PNG behind on service pick-up

National

THE rate at which people between the ages of 15 and 49  access family planning services is  low compared with other developing countries, says a Health Department adviser.
Maternal health technical adviser Emily John told people gathered at Vision City amphitheatre for the World Population Day roadshow that the younger generation needed to know the service providers of family planning and which methods were available.
“Women 15-19 years estimated birthrate is 70 out of 1000, 27 per cent of 19-year-olds have at least one child already and 6 per cent of these already have two or more children,” she said.
“Reproductive health status of adolescents is poor, meaning our younger population are not aware of the sexual reproductive health and family planning services they can access and so they end up with lot of health problems.”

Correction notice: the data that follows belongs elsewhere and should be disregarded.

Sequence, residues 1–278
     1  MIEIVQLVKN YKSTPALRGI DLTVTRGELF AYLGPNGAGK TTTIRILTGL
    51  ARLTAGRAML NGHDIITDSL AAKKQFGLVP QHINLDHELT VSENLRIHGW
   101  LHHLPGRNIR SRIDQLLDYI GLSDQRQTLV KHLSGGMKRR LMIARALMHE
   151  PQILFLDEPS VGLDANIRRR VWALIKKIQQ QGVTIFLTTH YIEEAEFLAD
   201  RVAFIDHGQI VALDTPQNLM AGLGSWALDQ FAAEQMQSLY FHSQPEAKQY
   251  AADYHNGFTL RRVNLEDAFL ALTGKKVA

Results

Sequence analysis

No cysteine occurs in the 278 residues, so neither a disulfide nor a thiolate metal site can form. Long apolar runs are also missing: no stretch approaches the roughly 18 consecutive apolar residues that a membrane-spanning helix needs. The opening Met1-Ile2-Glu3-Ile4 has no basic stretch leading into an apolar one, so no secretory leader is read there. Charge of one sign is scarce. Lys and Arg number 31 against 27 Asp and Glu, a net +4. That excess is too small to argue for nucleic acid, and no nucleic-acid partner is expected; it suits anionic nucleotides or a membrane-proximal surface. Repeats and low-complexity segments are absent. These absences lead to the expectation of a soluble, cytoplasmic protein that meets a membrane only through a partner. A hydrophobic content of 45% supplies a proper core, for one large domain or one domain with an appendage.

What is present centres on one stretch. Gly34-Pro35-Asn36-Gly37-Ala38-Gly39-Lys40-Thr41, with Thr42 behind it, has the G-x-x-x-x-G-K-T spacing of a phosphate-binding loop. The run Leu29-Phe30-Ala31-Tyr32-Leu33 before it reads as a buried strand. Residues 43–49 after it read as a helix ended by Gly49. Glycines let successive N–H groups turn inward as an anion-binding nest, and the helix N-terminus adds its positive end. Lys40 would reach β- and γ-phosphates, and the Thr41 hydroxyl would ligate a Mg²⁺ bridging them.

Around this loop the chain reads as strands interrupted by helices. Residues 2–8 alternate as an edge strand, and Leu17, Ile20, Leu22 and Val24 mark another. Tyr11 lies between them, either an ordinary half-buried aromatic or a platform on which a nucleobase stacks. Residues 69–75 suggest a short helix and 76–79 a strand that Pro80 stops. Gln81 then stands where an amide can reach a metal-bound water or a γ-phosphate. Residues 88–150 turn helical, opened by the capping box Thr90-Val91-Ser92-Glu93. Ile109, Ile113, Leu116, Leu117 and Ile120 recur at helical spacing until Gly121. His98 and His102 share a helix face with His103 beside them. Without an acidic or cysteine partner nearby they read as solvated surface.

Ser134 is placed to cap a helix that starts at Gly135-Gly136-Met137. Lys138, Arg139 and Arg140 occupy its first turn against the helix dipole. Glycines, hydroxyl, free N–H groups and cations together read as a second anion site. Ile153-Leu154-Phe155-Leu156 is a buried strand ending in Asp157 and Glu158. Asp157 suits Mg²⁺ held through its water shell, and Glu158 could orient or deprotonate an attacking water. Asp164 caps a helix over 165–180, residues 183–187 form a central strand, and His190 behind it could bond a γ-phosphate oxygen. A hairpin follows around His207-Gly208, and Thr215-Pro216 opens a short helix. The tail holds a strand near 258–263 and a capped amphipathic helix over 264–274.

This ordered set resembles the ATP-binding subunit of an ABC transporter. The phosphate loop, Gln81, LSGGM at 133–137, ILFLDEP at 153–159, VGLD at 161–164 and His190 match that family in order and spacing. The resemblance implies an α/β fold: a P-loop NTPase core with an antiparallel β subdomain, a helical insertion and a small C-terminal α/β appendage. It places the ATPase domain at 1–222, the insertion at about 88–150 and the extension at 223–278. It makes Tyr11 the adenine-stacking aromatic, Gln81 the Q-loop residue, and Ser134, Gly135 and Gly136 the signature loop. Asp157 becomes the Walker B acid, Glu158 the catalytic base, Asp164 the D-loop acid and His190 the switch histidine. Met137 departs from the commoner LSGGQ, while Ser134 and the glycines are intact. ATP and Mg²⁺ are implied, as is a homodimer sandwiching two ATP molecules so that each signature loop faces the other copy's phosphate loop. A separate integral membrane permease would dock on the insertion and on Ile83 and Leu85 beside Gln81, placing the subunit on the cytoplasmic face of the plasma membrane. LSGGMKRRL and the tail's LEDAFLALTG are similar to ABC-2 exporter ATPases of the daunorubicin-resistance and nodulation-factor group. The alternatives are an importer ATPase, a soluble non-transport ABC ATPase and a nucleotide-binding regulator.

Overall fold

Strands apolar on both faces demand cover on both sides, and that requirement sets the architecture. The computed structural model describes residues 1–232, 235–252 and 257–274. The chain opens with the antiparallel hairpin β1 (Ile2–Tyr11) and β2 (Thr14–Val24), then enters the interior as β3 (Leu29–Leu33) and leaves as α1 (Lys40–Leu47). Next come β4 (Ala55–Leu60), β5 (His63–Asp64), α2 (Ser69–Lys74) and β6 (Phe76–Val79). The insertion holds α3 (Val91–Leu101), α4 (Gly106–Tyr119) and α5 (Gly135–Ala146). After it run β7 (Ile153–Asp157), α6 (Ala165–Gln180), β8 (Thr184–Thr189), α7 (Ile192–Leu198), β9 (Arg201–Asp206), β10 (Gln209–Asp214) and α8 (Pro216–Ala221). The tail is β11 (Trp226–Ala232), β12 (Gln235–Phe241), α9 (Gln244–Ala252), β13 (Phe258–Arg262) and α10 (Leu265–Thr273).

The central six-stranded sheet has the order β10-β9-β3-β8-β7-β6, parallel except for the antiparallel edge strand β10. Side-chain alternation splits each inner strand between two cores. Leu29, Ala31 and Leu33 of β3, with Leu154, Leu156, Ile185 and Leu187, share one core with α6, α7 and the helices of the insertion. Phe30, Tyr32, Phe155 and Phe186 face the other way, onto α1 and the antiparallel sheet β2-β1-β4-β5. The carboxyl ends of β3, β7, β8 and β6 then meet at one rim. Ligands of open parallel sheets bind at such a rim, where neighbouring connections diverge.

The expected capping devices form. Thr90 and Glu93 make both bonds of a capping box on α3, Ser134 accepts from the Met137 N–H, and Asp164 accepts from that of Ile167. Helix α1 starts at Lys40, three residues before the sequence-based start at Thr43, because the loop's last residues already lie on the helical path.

John said they did not encourage adolescents to have sex early but must be informed and educated so they could make the right decision.
She said that the government made the National Sexual Reproductive Policy 2014 to guide reproductive health activities and improve the wellbeing of the people and at the same time ensure people had access to information and services on family planning.
“Family planning empowers the nation, couples must plan when to have children, how many to have and when to stop,” John said.

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